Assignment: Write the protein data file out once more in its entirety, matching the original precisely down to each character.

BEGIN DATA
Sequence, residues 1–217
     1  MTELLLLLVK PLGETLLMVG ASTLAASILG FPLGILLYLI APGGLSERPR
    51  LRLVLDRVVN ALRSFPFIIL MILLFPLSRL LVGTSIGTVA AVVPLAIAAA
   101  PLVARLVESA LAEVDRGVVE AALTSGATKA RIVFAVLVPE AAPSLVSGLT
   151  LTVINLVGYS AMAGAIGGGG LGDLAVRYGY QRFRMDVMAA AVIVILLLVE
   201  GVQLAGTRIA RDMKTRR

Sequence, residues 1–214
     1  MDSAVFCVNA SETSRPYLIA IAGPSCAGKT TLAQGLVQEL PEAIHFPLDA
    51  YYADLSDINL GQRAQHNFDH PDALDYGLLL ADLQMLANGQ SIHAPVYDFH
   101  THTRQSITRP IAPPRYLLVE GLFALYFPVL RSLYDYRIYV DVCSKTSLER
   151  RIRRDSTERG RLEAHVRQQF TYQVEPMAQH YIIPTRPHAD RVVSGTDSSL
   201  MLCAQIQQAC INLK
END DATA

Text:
Sequence, residues 1–217
     1  MTELLLLLVK PLGETLLMVG ASTLAASILG FPLGILLYLI APGGLSERPR
    51  LRLVLDRVVN ALRSFPFIIL MILLFPLSRL LVGTSIGTVA AVVPLAIAAA
   101  PLVARLVESA LAEVDRGVVE AALTSGATKA RIVFAVLVPE AAPSLVSGLT
   151  LTVINLVGYS AMAGAIGGGG LGDLAVRYGY QRFRMDVMAA AVIVILLLVE
   201  GVQLAGTRIA RDMKTRR

Sequence, residues 1–214
     1  MDSAVFCVNA SETSRPYLIA IAGPSCAGKT TLAQGLVQEL PEAIHFPLDA
    51  YYADLSDINL GQRAQHNFDH PDALDYGLLL ADLQMLANGQ SIHAPVYDFH
   101  THTRQSITRP IAPPRYLLVE GLFALYFPVL RSLYDYRIYV DVCSKTSLER
   151  RIRRDSTERG RLEAHVRQQF TYQVEPMAQH YIIPTRPHAD RVVSGTDSSL
   201  MLCAQIQQAC INLK